New Sharpshooter Takes Aim at Crops
Fast-moving insect increases threat to almonds
Almond leaf scorch, also known as golden death, isn't new to California, but a new carrier of the disease is. The glassy-winged sharpshooter, a highly mobile vector for the bacterium that causes almond leaf scorch and Pierce's disease in grapes, recently appeared in large numbers in Kern County. This discovery dramatically increases the potential threat to almonds, grapes, citrus, alfalfa and other crops susceptible to the Xylella fastidiosa bacterium. Almond leaf scorch first appeared in California in the 1940s in Mendocino County, some fifty years after Pierce's disease had been identified in the state's vineyards. Soon after, it appeared in the Lancaster area of Los Angeles County and the Brentwood-Antioch area of Contra Costa County, according to the University of California. Eventually, scattered infestations appeared in almond orchards in the San Joaquin and Sacramento valleys. While the disease is lethal to almond trees, its discovery did not raise widespread concern because the primary carriers of the bacterium are spittlebugs and several species of leafhoppers called sharpshooters, which do not travel far or fast. However, the arrival of the fast-moving glassy-winged sharpshooter increases the threat of serious infestations of a variety of important crops. X. fastidiosa has caused millions of dollars of damage to California vineyards in recent years, even before the glassy-winged sharpshooter arrived. The seriousness of the infestations in grapes triggered the formation of a UC task force last year to address the issue and a state appropriation of $750 thousand to fund research into Pierce's disease. The results of that work could be useful to almond growers as well.
According to the university, sharpshooters and spittlebugs pick up X. fastidiosa from any of a wide variety of infected plants when they insert their mouthparts to feed in the xylem (water carrying tissue). The insect transmits the disease when it travels to an almond tree and feeds on it. After once acquiring the bacterium from an infected plant, the sharpshooter can transmit it to healthy plants throughout its life. According to the UC IPM for Almonds manual, the disease infects the xylem, choking off the flow of moisture and nutrients to the plant. Leaves on infected trees develop symptoms in early to mid-July. Tips and margins of leaves turn yellow, then brown, and a golden yellow band forms between the green and brown leaf areas. Affected leaves do not wilt, but eventually the entire leaf turns brown and dies. Some leaves may drop prematurely, but many remain on the tree until the end of the growing season. Newly infected trees typically have one terminal branch that is affected. But on closer examination, several developing infections on the same or nearby scaffolds will be apparent. As the disease progresses from year to year, trees have reduced terminal growth, large numbers of dead spurs and small branches, and a dieback of terminal shoots. Within three to eight years, the disease spreads over the entire tree, yields are greatly reduced on affected branches, and eventually the tree dies.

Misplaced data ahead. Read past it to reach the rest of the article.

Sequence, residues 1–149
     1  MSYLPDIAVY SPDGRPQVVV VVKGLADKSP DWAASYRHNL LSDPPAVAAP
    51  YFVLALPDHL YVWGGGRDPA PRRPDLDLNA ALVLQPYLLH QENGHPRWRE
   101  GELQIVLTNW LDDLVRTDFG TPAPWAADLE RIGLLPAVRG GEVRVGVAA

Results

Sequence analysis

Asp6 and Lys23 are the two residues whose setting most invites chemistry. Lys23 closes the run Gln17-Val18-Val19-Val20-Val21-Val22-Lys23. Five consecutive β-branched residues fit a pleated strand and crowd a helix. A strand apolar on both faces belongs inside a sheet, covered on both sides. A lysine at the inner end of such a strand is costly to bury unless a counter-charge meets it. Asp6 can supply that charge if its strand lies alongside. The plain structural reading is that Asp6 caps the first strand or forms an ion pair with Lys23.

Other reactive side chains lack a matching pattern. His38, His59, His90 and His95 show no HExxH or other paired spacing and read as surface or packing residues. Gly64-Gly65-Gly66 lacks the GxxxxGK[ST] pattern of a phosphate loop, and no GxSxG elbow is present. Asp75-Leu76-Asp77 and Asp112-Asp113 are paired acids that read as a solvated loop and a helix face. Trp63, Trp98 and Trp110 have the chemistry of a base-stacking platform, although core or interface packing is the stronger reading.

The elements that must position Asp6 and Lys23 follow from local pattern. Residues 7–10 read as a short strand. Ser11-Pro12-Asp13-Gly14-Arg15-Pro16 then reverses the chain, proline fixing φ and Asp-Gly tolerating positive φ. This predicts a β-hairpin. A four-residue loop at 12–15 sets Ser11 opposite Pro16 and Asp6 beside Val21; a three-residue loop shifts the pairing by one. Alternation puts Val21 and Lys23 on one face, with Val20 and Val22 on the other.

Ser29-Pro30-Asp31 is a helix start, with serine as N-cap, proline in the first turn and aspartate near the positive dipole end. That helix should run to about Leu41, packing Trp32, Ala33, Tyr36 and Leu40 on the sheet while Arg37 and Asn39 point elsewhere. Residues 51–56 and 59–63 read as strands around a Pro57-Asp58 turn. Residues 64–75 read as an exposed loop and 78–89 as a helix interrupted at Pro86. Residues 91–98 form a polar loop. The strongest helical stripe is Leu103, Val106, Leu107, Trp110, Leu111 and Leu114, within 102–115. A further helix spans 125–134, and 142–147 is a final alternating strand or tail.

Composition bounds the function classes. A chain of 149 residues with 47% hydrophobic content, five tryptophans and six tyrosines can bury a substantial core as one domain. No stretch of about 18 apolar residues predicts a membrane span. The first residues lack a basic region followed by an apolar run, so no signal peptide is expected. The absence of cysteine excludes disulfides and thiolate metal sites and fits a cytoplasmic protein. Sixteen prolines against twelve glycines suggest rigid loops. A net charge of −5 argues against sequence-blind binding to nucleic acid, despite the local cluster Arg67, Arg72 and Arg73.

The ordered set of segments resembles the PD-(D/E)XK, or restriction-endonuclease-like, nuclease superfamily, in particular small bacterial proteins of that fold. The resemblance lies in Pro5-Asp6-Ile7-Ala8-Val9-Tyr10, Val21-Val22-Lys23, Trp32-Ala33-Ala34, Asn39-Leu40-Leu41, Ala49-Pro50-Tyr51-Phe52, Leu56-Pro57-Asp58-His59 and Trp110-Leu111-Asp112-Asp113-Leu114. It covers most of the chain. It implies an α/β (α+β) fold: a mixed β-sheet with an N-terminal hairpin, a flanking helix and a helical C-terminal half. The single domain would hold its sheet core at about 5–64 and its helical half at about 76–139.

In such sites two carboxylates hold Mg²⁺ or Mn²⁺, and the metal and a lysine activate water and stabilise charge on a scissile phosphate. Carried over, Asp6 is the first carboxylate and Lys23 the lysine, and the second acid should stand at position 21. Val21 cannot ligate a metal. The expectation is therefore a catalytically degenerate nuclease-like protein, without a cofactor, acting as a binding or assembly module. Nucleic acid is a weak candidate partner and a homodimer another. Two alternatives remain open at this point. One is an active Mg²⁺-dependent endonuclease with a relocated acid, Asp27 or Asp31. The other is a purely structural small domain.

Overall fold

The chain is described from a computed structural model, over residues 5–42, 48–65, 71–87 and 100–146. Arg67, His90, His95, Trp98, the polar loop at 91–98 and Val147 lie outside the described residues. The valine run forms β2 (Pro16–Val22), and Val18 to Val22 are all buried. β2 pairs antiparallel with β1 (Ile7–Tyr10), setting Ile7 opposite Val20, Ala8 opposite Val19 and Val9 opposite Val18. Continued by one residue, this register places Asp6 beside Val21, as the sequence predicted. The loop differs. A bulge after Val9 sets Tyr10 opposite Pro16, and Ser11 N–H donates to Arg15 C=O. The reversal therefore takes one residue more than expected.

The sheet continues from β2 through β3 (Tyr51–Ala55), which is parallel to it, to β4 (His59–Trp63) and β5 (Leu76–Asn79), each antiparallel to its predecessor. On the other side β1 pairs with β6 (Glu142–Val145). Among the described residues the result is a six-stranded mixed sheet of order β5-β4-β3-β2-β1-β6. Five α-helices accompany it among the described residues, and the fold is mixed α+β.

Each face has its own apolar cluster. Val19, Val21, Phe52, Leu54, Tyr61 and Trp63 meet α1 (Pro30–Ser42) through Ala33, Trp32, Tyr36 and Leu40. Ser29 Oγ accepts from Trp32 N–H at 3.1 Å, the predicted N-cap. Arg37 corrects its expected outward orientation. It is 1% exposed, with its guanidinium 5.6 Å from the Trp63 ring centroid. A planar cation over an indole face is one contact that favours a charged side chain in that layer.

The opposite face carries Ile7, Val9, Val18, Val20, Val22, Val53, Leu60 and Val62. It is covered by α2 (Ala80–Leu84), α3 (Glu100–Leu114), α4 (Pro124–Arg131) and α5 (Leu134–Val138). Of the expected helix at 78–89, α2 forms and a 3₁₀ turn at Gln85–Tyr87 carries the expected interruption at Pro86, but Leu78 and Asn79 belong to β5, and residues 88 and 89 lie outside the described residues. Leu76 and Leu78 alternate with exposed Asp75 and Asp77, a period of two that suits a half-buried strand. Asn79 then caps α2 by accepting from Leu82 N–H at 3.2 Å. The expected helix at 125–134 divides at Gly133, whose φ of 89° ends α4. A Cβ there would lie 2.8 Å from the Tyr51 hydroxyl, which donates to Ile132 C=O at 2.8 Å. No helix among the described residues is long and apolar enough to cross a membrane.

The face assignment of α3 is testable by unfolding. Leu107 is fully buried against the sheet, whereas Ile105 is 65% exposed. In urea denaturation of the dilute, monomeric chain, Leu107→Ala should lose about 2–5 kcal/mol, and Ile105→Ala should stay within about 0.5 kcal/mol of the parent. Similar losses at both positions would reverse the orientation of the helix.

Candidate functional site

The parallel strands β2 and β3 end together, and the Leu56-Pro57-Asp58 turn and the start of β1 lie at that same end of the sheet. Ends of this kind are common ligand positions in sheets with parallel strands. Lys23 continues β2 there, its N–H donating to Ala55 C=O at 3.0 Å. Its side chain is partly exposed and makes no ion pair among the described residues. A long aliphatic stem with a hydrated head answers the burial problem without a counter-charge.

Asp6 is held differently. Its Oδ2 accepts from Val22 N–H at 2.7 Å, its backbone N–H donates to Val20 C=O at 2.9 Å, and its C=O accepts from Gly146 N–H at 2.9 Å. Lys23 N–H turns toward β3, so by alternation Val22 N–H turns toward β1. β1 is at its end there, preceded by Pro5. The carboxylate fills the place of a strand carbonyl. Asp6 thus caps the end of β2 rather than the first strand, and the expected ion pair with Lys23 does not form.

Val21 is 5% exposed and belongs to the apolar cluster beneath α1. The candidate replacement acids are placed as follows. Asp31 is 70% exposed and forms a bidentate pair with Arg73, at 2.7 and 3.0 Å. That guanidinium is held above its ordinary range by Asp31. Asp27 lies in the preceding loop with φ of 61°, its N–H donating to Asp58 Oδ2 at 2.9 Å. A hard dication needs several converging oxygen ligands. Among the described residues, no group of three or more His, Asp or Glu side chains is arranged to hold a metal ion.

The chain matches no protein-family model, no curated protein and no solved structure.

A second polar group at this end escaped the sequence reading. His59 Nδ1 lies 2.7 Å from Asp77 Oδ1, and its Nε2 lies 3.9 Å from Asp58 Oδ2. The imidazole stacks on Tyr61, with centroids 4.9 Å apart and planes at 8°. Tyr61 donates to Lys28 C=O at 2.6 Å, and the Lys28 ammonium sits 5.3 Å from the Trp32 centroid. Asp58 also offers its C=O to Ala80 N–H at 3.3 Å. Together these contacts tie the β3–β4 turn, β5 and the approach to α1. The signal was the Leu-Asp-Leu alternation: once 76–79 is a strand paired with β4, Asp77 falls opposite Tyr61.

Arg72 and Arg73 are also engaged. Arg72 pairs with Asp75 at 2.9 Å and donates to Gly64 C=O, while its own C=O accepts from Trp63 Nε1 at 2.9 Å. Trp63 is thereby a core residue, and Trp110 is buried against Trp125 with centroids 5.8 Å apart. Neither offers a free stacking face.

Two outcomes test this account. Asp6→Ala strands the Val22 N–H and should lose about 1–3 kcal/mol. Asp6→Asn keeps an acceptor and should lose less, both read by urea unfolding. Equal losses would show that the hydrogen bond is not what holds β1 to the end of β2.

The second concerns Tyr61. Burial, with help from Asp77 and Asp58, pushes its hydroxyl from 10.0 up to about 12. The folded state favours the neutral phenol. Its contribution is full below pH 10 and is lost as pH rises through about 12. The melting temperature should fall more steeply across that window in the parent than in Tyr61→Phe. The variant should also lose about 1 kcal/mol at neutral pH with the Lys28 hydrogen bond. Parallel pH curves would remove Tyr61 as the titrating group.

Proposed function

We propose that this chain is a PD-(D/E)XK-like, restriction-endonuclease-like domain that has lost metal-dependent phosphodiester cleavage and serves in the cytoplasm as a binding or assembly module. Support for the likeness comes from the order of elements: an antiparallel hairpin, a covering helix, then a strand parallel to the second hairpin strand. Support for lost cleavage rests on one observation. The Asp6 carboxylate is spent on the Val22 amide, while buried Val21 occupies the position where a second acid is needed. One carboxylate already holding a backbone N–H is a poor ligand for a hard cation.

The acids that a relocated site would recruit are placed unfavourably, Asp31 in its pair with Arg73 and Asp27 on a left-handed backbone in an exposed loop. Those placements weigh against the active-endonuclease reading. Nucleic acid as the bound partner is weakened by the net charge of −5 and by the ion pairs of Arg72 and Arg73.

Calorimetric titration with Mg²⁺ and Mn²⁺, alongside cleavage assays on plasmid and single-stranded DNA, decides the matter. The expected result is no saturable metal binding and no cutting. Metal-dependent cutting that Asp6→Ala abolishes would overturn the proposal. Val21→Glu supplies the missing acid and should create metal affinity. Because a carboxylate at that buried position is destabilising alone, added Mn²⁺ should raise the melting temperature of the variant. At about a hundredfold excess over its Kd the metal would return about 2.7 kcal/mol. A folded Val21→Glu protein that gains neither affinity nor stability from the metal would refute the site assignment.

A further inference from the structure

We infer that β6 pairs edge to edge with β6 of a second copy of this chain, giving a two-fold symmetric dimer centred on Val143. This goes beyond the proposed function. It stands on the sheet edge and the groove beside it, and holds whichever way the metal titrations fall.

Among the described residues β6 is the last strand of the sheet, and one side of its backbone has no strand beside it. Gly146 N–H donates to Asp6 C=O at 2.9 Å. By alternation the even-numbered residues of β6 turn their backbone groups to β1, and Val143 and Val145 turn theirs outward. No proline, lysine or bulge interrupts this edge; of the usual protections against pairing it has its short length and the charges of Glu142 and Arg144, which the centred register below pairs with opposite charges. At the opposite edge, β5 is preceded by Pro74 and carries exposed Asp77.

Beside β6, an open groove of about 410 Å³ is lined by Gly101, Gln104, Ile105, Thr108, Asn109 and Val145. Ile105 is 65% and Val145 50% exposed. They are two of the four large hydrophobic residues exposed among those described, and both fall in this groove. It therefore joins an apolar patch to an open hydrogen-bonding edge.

Not much is known about controlling the sharpshooter, except to minimize the amount of host material within flying distance of the orchard, advises the University of California. The main breeding areas for grass-feeding sharpshooters, UC notes, are irrigated pastures, weedy alfalfa fields, ditch banks, and the edges of ponds. Typical cover crops do not appear to be important hosts, but some newer types of cover have not been evaluated for their potential to support sharpshooter populations. However, permanent cover that includes grasses such as Bermuda are known to support high populations of sharpshooters. UC advises frequent monitoring of cover crops for sharpshooters. This requires direct sampling with a net and is best done by an experienced person. Sticky traps are not effective for sharpshooters. And insecticides generally are not satisfactory for controlling the grass-feeding sharpshooters because their sharpshooter eggs that have been deposited within plants survive, and the nymphs emerge some weeks later. Cultivation of host plants is the best known preventive. For more information on Pierce's disease and the sharpshooter vector, visit this UC website: http://nature.berkeley.edu/xylella/. Blue Diamond® will continue to monitor developments with the UC task force and provide updates as appropriate.